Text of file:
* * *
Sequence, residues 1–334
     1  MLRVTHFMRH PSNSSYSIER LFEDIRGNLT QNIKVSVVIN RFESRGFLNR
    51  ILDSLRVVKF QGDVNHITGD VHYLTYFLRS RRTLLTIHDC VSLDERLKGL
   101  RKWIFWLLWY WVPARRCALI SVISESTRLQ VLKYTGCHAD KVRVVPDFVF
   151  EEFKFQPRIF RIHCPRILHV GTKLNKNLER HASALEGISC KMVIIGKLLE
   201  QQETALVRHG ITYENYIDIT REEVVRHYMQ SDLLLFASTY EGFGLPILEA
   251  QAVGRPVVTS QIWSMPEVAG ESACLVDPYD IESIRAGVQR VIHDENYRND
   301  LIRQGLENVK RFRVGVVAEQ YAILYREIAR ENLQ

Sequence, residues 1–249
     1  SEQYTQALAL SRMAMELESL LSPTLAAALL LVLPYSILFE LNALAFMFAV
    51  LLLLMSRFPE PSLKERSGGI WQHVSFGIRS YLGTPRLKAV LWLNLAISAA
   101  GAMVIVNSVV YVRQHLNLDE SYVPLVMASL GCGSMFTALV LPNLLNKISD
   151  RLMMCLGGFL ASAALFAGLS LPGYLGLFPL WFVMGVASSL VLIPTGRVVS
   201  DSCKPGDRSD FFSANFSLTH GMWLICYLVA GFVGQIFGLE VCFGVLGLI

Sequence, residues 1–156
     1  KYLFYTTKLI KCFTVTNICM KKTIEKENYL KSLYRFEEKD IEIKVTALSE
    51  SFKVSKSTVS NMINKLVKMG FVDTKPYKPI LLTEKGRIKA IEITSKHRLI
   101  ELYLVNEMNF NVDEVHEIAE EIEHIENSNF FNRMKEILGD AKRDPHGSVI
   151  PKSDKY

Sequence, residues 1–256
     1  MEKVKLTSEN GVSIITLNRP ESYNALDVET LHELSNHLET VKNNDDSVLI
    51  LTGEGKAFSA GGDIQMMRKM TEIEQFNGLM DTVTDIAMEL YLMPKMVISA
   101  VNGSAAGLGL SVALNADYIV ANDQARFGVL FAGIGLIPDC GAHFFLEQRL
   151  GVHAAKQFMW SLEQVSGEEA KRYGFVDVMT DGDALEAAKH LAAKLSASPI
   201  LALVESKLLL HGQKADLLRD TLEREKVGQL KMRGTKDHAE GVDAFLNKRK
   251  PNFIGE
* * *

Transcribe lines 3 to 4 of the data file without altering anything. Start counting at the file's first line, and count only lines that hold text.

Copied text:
    51  ILDSLRVVKF QGDVNHITGD VHYLTYFLRS RRTLLTIHDC VSLDERLKGL
   101  RKWIFWLLWY WVPARRCALI SVISESTRLQ VLKYTGCHAD KVRVVPDFVF